tv Inside Story Al Jazeera December 18, 2013 5:00pm-5:31pm EST
>> this is al jazeera america live in new york city. i'm tony harris with a look not, libby out, 64-36, and the senate a very judicious body even though 64 does not seem like a huge number it exceeded the margin that was needed. all the democrats voting yes, that was a victory for senator patty murray one of the two architects on this bill.
and we saw republicans vote along the democrats. nine is a bigger number than ag. >> 64-36, that's one of those super majorities, right, that. this now goes to the president for his signature. expect him to sign it before he leaves for hawai'i on friday. >> those are the headlines, i'm tony harris. "inside story" is next on al jazeera america. >> an ease or not to ease. what that means for the economy in 2014. decoding the just concluded federal reserve meeting is the inside story. ray suarez.
what the federal reserve decides has a direct impact on the economy, and your pocketbook and effects felt around the world. since the great recession the federal reserve has taken interest rates to historic lows and used its power to stimulate the economy using quantitative easing. ben bernanke announced the feds will scale back the program next year. we'll decode the fed's actions, look ahead to the tenure of incoming fed chairman janet yellen and look at the recovering economy.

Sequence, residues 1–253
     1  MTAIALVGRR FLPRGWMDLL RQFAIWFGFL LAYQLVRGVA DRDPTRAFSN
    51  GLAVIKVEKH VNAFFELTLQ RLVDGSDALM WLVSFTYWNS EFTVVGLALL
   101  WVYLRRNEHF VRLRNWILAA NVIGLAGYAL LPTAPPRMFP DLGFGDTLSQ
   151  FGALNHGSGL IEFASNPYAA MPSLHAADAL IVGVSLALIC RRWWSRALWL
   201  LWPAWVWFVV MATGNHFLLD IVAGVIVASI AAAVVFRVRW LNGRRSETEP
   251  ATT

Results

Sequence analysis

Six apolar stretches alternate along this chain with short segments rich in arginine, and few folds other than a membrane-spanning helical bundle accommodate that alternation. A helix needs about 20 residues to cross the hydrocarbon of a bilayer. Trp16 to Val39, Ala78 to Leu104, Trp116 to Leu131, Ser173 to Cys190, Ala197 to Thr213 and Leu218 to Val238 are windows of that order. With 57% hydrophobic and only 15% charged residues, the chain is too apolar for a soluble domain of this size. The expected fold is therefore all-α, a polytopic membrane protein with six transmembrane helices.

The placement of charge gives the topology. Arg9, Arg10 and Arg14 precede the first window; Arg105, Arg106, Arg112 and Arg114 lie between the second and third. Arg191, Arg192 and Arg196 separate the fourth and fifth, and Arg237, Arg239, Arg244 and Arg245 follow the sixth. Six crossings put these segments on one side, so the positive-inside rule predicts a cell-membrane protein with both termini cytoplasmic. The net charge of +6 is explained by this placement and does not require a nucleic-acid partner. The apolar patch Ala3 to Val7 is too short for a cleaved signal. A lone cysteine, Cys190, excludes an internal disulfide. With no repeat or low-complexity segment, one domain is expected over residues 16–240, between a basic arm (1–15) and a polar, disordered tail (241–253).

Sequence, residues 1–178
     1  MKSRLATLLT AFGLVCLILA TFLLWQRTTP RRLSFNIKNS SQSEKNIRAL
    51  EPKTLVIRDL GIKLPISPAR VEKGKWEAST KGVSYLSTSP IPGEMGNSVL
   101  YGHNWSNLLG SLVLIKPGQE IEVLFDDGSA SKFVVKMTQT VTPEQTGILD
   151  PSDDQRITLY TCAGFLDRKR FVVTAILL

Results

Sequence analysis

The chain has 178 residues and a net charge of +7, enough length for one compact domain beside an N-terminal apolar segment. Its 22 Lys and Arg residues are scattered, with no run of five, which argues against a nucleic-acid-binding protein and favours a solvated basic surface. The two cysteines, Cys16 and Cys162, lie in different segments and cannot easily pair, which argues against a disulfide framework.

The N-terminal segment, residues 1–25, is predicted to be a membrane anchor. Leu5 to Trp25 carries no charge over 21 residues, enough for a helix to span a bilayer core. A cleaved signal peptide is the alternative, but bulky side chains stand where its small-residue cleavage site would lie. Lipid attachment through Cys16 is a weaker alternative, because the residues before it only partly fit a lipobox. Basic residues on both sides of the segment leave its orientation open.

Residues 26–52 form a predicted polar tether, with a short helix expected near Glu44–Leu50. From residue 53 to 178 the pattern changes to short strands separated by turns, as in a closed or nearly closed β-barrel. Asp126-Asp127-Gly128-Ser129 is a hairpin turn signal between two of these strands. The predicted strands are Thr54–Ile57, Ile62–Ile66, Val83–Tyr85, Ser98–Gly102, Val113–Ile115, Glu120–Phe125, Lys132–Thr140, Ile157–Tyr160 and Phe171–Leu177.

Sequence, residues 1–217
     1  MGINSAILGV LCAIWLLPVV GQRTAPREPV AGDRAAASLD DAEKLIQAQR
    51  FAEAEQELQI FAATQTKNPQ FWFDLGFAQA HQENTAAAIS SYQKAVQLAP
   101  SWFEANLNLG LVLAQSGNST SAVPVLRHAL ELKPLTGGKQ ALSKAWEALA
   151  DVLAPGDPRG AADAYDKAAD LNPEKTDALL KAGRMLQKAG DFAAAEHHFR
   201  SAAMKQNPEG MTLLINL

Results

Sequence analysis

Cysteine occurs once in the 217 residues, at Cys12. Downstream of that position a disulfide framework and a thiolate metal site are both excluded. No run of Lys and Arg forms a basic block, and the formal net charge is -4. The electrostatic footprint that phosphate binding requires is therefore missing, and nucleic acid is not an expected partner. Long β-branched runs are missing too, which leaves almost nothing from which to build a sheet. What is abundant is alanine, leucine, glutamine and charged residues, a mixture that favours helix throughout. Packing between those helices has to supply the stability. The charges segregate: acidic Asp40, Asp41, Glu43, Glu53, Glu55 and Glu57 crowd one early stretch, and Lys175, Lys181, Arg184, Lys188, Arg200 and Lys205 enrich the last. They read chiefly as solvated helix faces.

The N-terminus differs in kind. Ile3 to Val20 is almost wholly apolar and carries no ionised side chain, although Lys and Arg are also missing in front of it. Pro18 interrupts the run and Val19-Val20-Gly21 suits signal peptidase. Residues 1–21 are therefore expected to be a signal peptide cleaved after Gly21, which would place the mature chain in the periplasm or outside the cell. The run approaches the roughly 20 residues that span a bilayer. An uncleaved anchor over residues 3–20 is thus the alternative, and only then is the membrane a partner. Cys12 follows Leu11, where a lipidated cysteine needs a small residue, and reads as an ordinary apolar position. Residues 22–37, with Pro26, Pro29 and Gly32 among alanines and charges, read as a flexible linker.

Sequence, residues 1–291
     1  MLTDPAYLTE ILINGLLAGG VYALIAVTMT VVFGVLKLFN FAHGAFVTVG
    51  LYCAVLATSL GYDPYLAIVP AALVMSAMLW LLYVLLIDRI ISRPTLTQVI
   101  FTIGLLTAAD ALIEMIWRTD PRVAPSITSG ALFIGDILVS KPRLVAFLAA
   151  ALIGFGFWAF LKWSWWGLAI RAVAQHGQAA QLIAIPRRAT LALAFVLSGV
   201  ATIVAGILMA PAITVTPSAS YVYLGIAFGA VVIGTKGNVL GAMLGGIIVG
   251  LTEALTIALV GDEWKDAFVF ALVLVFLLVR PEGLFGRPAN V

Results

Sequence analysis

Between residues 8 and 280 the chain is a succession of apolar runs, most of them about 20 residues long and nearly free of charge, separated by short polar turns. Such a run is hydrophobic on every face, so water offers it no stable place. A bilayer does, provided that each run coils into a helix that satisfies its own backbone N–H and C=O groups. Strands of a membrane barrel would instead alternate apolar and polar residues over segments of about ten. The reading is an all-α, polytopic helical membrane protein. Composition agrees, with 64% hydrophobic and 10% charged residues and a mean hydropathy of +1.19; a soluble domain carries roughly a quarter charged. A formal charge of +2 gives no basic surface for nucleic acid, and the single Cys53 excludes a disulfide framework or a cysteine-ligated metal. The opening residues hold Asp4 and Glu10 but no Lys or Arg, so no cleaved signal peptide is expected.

the federal reserve wrapped up two days of policy meetings and concluded the u.s. economy is strong enough to start tapering the banks investment program known as qualitative easing. >> starting in january we'll purchasscale back purchases. >> reporter: the positive signs are few but strong. unemployment reached 7% in november. the s&p 500 gained 25% just in the past year. the highest in a decade. and congress passed a budget for the first time in four years. >> today's policy actions reflect the committee's assessment that the economy continues to make progress, but it has much farther to travel before conditions can be judged normal. notebly despite fiscal head winds the economy has been expanding and we expect growth in the coming quarters.